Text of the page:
The Graduates: In Good Standing

Certain razors are just so popular, everybody wants one. I'm not immune to the influence, just cheap. (I signed up for the $20 slant at Italian Barber, too.)

Stirling 3P1

The best anchor-style head in my arsenal, ironically, turns out to be one of the Pakistani-made Merkur clones I acquired fairly early on, and have been badmouthing ever since. Now that I've entered the twilight zone of blade longevity, with a prep of PdP and pumpkin juice only, it cranks out BBS in three passes and some extra touch-ups. It could be any YouTuber looking back at me in the mirror, with the fast, repeated strokes. The only thing a little different is my skewing. The ability to slide strokes is how this razor earned its diploma, in fact. A razor nearly indistinguishable in its geometry, the Schmidt R10, failed the final exam, seeming to nibble a bit too hard on the skin before executing its cut on the hair WTG. The only difference I can see is that the lip of the top cap is thicker or more square on the Stirling -- a sign of poor quality in finishing, but protective of skin.

If the 41C is a BiC substitute, this would seem to be the Good News. Doug Hansford and Mr. Gatza like these kind of razors a lot.  I can't control the blade well enough to take down hair at the jaw corners with precision, but I can control the traction, and with careful pressure, a few extra strokes, that's close enough to BBS for government work. I see slight abrasion warning me not to use alum, but dilute Lime Sec doesn't burn very much.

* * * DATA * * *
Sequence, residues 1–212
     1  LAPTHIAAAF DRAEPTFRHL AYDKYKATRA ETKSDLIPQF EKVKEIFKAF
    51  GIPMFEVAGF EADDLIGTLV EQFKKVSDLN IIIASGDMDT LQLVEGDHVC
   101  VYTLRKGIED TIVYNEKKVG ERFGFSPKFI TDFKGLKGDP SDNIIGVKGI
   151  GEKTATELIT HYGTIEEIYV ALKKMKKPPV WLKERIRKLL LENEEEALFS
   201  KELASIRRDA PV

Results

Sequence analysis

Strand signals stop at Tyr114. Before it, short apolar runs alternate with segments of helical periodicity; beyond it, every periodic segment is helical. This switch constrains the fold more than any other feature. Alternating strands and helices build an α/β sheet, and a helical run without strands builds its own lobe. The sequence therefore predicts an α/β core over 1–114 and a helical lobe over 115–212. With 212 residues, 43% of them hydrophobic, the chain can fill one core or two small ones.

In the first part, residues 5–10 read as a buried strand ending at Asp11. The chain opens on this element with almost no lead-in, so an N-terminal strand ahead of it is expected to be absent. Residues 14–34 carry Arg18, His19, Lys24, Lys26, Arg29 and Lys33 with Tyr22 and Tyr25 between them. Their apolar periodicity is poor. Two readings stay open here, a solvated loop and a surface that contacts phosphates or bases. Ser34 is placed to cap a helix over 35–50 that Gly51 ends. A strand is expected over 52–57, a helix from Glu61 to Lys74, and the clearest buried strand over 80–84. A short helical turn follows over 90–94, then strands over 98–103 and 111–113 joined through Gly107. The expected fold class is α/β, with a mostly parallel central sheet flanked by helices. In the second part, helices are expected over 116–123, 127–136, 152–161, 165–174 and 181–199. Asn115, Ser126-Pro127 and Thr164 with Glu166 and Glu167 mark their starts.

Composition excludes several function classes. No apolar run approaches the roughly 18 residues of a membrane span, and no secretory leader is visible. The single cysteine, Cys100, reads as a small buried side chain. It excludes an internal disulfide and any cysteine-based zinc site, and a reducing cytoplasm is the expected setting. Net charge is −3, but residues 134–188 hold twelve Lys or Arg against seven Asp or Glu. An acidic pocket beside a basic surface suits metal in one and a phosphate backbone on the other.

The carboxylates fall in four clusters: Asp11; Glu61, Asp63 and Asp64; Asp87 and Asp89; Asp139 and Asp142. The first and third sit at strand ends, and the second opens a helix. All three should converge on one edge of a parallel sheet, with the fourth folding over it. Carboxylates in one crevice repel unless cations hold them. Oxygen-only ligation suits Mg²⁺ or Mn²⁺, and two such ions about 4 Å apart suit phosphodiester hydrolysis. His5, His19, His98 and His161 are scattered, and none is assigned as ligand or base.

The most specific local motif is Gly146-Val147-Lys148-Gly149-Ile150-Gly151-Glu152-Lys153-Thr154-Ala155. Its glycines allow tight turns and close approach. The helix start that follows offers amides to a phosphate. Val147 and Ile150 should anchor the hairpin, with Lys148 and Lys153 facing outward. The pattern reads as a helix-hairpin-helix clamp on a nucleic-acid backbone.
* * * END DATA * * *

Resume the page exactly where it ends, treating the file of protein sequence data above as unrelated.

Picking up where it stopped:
No blood or bumps, like I had in beginner days. The flawed "plane" design will continue to be a hazard to newbie necks everywhere, but I officially release it from my personal grudge. Unfortunately, none of the preceding can inform you which one is best to buy.

Gillette Slim

As the over-designed counterpart to the under-designed anchor style razor, the very popular Gillette adjustable deserves equal reconsideration. Probably half the Slims out in the wild (and 95 percent of the ones seen online) are "overclocked" to the second register of 1-9 settings. That's because the "9" of the lower register is only as gappy as a Travel Tech. Why would anyone want to turn down the aggression of one of the mildest razors in existence?

Well, I think I can finally provide an answer to this little anthropological mystery. With the factory-fresh keen edge worn off a blade, higher traction pulls more skin into the gap. A smaller gap therefore means less angular error and risk of cuts. Even though the blade is still free to flex a little more than it would in an open-comb design, it's far preferable to the cartridge combo of super sharpness and fixed pitch. Looking at the "1" setting, I wasn't sure I'd any catch hair, with the edge basically just laying on the guard bar. But it did, zipping through WTG without any skin contact. I still don't have the ideal numbers for me; going 1-5-9, I ended with SAS and a weeper. I'm definitely coming back to this, though. The spirit of moonshots and civil rights embodied by this razor inspires me... it's like a razor from the alternate universe in the TV series, "Fringe."

Not that the second register isn't useful, in the way shims are useful, to square-stroking beginners.

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